The third piece of the the support puzzle is the camera plate. I’ve relocated my Kirk plate from the 5D Mark III – it is 100% compatible. As I wrote in my Kirk plate first impressions piece, I really like its two attachment point fixing method. Together with the 5DS R’s reinforced base plate, it provides very stiff support. Note that no battery grips are used here – they just introduce another attachment point with possible flex and sag.
Filters and Lens Shading
I moved to the LEE filter system when I started shooting with primes only. Four different filter sizes were unmanageable – even with the two types of filters (ND and polarizer) that I use. Still don’t like graduated filters and the dark mountain tops you see so many times on photographs made with them, and my LEE filter set consists of just a 100x100mm polarizer, a 3 stop ND, plus the Little and the Big Stopper.
They beautifully solve the filter thread problem, but forget about stock lens shades. So I had to find a solution. Sometimes I used my hat to shade the lens front element, and that gave me the idea: get a piece of black paper/plastic, and figure out how can I hold it in place (remember, one hand for adjusting the head/camera/lens, another for the MacBook – there’s no third one for holding the shade). I ended up using a Wimberley Plamp as a third hand. Originally I had a piece of black cardboard in my bag as a shade, but recently switched to a piece of matte plastic named Shadepirate. You can’t see on the above picture, but I put a piece of Velcro under the clip of the Plamp to protect the tripod leg.
Tethering became integral part of my workflow years ago. At the beginning I had been dragging a 15″ MacBook Pro around, but that turned out to be a bit heavy and problematic. For more than a year now, a 11″ MacBook Air serves as a field computer. It fits into the pocket of my Domke vest, weights as little as five or six 4×5″ film holders… Yes it’s a bit more than 1kg, but my backpack and tripod weighs around 20kg together, so that’s not a huge increase.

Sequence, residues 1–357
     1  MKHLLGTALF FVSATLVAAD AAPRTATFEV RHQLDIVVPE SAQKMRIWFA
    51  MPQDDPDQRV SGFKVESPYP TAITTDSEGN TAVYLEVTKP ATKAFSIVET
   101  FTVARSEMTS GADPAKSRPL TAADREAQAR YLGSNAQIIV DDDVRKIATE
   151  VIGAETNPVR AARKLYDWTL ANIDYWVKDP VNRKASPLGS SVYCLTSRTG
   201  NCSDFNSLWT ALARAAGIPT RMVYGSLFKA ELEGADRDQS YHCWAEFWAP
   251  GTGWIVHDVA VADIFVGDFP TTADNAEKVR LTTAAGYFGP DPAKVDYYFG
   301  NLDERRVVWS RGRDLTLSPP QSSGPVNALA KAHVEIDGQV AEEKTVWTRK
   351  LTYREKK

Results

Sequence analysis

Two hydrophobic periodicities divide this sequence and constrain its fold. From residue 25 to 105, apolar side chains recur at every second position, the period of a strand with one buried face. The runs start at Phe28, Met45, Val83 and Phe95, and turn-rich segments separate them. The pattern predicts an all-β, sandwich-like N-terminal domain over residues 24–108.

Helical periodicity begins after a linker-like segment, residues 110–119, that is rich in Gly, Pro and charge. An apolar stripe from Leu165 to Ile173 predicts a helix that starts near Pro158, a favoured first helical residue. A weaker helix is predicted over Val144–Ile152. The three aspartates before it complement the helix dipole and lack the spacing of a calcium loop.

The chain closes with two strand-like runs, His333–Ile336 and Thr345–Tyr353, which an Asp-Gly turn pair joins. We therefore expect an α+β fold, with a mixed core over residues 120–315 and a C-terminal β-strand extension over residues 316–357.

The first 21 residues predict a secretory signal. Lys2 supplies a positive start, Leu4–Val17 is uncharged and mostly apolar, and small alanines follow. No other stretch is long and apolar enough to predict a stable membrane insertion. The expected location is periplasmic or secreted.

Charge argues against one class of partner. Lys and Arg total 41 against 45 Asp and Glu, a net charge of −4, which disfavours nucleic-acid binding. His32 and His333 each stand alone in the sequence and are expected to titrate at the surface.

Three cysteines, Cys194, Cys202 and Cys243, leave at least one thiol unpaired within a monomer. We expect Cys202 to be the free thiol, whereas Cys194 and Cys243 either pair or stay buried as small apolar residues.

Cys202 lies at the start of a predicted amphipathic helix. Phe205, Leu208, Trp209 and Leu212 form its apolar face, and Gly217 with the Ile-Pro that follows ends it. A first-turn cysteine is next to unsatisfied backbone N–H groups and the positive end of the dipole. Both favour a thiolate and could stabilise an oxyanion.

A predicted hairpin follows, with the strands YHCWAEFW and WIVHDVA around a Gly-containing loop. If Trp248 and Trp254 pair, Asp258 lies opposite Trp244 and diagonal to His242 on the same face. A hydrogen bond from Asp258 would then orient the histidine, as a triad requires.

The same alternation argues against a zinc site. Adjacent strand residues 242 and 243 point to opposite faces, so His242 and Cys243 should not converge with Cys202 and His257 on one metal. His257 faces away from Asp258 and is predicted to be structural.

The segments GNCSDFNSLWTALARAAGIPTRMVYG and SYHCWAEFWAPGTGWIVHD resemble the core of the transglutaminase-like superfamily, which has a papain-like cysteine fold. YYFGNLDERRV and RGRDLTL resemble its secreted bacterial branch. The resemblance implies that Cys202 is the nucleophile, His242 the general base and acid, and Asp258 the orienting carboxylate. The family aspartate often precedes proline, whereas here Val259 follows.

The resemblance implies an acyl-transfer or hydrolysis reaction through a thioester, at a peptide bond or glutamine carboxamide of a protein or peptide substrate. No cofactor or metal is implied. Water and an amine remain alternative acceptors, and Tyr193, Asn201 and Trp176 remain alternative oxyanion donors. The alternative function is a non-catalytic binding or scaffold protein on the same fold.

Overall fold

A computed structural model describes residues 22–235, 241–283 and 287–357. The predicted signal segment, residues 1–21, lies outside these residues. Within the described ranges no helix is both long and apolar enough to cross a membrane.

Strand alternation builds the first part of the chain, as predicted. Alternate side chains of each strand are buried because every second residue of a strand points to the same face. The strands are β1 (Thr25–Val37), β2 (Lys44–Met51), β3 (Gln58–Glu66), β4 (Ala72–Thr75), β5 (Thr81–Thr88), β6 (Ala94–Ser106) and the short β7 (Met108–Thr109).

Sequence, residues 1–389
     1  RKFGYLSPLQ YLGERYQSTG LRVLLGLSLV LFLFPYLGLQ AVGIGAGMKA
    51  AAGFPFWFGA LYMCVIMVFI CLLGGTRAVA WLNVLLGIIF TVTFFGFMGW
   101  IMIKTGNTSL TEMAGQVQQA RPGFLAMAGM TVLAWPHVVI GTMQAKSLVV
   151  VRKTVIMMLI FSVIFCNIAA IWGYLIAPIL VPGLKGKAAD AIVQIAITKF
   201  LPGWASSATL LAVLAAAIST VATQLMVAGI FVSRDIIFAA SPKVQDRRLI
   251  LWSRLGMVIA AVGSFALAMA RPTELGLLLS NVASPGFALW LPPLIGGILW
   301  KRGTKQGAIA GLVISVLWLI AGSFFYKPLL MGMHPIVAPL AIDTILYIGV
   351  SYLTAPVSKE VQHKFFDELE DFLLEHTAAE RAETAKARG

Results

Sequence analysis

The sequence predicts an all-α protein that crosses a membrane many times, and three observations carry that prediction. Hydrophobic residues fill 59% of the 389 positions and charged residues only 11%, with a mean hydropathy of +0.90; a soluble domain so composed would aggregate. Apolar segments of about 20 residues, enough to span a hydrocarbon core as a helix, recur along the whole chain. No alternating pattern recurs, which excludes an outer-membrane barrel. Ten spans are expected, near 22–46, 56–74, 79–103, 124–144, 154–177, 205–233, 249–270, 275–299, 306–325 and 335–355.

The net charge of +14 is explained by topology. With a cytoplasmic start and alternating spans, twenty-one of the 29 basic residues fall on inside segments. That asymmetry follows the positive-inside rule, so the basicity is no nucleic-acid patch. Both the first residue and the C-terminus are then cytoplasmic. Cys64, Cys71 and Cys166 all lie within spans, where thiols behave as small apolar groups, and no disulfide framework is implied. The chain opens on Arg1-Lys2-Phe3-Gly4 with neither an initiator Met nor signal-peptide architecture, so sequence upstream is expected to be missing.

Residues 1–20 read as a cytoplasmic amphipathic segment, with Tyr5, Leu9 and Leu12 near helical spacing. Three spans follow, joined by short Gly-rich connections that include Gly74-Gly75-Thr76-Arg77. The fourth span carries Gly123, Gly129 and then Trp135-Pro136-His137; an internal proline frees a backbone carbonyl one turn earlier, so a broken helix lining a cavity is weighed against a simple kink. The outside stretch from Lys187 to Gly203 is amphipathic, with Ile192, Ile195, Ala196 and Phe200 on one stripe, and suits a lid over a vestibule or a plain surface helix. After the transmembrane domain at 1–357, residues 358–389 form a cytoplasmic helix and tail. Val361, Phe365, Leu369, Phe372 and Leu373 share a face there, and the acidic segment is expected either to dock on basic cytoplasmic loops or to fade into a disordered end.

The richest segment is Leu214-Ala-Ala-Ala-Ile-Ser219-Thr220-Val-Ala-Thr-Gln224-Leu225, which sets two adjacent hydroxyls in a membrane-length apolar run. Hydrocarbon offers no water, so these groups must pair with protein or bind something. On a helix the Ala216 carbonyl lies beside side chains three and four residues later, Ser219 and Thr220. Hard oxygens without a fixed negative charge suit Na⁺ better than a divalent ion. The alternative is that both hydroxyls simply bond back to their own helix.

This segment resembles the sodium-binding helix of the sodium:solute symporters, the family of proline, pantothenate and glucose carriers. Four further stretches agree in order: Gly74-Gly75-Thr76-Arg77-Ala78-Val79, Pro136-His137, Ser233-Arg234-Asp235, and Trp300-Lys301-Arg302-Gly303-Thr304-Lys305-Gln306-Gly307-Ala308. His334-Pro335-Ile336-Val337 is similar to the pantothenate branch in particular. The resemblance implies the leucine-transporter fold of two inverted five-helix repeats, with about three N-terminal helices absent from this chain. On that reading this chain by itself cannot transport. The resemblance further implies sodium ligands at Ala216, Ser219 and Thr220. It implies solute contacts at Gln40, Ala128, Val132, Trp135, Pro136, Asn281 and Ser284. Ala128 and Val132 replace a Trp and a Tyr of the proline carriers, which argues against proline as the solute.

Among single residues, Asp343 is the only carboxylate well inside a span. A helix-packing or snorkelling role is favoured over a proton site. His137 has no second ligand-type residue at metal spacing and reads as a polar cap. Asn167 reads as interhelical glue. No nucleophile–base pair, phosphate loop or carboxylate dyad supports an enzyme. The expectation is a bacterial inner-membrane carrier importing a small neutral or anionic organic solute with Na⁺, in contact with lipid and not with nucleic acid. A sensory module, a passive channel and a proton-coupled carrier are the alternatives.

Of course I use my own software – Kuuvik Capture – on the MacBook for controlling the camera. But usually also keep a copy of Capture One open so that I can make critical decisions on the filed.
With the arrival of USB 3, cable quality became increasingly important. You need to have good signal integrity for a reliable connection. For this reason, I settled down with TetherTools’ TetherPro cables – currently the 15 feet (4.57m) orange one. As an interesting side note, we had a handful of Kuuvik Capture support incidents where changing the cheap cabling to a good one solved the issue.
For me, the 5DS R marks the end of the casual 35mm shooting era, but in exchange delivers image quality previously available only with much more expensive medium format systems. Even with expensive Zeiss glass, the complete system price/performance ratio remains on a uniquely high level.
Not to mention that the same camera can be used for birding with stellar results – a domain no medium format camera dare to enter.